Three of Australia’s biggest banks ANZ, Commonwealth Bank of Australia (CBA) and Westpac have formed a company with Westfield shopping centre operator Scentre and IBM, to build a blockchain-based platform for bank guarantees.
Named Lygon, the platform will “transform the way businesses obtain and manage bank guarantees”.
Typically, bank guarantees – often required as part of a retail property lease – are issued manually on paper. The process can take up to a month, and is at risk of errors and fraud.
“Bank guarantees are an important part of our relationship with our retail partners, and each year we complete several thousand leases across our portfolio,” explained Scentre’s director leasing and retail solutions, John Papagiannis.
“The current paper-based process is a pain point for us and for our retail partners because of the time involved and the manual nature of the process, taking valuable time away from focusing on customers,” he added.
By digitising the process, guarantees could be issued “on or around the same day” the companies said in a statement.
An eight week pilot of Lygon, which is built on IBM’s Blockchain Platform, began yesterday with live data and transactions for a test group of retail property leasing customers. Those customers are all lease holders with retail outlets in some of Scentre Group’s Westfield centres across Australia.
In subsequent phases, Lygon intends to offer access to the platform to all issuers, applicants, and beneficiaries and expand the range of digitised bank guarantees that it supports across other industries.
“Retailers of all sizes with physical outlets will experience radically improved bank guarantee cycle times. Additionally, retail landlords will benefit from managing their outstanding guarantees in a secure, transparent and auditable manner,” said ANZ’s banking services lead Nigel Dobson.
Michael Thorpe, managing director, future cities, institutional banking and markets, at CBA, added that the approach could be applied to multiple industries and geographies, indeed anywhere “bank guarantees, or standard letters of credit, are used”.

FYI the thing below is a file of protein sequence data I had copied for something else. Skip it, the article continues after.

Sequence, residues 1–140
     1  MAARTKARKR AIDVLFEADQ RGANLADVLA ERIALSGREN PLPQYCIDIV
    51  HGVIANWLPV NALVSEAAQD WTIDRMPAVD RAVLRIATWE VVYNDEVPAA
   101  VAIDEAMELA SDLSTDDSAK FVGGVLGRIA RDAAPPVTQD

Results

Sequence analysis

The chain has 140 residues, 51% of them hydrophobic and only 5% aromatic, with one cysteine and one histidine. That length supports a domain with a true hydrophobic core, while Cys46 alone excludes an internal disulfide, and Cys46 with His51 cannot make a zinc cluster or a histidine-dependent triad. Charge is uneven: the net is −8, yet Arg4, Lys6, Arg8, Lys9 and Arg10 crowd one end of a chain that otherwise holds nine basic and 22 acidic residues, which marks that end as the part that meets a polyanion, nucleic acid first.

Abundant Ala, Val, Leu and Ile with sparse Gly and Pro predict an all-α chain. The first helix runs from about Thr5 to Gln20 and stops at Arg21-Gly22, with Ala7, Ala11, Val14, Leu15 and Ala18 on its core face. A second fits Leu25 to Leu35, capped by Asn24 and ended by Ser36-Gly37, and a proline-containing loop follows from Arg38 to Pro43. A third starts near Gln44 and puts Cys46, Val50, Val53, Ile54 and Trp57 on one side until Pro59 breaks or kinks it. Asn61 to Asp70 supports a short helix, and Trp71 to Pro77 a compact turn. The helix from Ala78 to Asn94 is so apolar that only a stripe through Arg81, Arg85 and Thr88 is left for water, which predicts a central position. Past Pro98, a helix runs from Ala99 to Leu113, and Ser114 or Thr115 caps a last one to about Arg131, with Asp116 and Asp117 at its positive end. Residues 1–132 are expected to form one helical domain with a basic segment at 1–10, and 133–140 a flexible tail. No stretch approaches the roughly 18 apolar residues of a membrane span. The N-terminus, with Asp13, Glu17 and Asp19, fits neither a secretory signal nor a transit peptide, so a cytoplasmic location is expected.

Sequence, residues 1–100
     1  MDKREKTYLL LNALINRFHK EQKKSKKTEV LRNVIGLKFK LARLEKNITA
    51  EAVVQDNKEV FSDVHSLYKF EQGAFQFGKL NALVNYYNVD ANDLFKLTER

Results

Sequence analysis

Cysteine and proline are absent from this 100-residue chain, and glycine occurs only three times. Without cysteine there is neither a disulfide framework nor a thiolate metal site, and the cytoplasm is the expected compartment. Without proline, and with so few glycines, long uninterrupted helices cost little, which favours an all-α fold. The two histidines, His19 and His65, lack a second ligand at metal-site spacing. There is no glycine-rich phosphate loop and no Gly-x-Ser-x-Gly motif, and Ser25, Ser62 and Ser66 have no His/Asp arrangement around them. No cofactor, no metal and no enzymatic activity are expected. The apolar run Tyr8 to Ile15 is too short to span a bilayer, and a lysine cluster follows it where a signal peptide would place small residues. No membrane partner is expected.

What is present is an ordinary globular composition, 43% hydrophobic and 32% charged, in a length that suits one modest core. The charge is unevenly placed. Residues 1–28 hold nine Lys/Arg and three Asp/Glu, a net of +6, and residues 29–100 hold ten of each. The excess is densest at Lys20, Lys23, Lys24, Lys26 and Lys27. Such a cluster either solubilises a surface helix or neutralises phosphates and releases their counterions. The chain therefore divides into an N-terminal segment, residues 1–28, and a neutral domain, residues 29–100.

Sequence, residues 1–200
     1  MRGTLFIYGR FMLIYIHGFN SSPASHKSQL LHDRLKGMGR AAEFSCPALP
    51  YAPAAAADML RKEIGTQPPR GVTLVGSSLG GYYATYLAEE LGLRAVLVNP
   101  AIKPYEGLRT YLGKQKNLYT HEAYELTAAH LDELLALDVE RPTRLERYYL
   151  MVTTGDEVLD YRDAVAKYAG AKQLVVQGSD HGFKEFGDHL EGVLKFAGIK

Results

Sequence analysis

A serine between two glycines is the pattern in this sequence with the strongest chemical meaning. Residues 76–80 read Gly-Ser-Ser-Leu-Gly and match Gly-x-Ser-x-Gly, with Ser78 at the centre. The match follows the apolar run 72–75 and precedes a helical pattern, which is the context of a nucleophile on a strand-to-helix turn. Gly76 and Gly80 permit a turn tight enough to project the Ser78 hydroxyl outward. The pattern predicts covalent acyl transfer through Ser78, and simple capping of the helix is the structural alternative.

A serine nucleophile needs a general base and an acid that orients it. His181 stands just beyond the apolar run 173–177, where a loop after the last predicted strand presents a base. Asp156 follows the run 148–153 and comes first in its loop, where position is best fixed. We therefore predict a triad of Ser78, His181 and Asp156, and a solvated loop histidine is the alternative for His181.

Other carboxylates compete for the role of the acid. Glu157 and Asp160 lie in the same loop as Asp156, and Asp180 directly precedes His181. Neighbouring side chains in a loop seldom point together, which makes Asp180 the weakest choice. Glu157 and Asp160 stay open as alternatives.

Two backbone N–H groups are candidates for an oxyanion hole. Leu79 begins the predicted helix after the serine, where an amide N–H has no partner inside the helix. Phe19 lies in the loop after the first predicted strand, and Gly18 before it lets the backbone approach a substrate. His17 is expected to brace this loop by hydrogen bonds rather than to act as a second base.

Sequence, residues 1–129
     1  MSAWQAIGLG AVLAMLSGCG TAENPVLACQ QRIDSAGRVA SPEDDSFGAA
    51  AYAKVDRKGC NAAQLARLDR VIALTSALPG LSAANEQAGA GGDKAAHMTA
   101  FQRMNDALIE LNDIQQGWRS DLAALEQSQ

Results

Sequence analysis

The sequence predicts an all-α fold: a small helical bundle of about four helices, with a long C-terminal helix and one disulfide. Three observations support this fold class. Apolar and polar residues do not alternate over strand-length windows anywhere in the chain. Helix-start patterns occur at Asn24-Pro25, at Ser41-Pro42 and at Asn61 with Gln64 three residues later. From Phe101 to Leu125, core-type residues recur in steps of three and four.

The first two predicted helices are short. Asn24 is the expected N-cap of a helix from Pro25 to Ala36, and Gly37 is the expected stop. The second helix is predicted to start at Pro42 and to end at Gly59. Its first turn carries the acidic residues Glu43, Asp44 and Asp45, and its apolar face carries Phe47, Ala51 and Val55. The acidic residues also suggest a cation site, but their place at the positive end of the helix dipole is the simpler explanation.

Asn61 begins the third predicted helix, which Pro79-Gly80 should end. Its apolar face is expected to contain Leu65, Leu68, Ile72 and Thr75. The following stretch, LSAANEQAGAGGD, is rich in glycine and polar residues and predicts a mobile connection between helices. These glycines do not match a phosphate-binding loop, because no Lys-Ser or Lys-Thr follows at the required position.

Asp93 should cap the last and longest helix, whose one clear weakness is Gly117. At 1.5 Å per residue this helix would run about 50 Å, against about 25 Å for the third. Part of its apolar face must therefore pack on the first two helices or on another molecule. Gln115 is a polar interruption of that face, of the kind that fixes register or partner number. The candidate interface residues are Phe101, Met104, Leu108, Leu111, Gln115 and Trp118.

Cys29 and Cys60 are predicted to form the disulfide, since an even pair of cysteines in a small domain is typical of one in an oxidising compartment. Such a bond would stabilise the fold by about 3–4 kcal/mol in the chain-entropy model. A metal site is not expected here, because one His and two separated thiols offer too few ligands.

“The pilot will test live transactions using distributed ledger to prove the technology is commercially viable. It is a great example of digital transformation that refines the customer experience,” said Didier Van Not, Westpac’s general manager corporate and institutional banking.
The Lygon pilot follows a similar proof of concept run by Westpac, ANZ, Scentre and IBM in 2017. A resulting whitepaper on the trial concluded that the full benefit of the technology would “only be realised through broad industry adoption” and noted that the maturity of the technology needed to be addressed.
CBA has run a number of blockchain-based initiatives; including a collaboration with the World Bank to issue the first bond globally to be “created, allocated, transferred and managed using blockchain technology” and the use of a blockchain platform to trade and track a shipment of seventeen tonnes of almonds.
“Commonwealth Bank has a strong track record of collaborating to innovate through blockchain technology. This pilot is a collaborative industry approach to explore how we could use blockchain technology to revolutionise bank guarantees and make the process simpler, easier and more transparent for our business customers – simplifying document exchange, using real time monitoring and speeding up the issuing process,” said Thorpe.
Lygon’s five founding companies have formed a jointly owned company – Lygon 1B Pty – to operate the platform.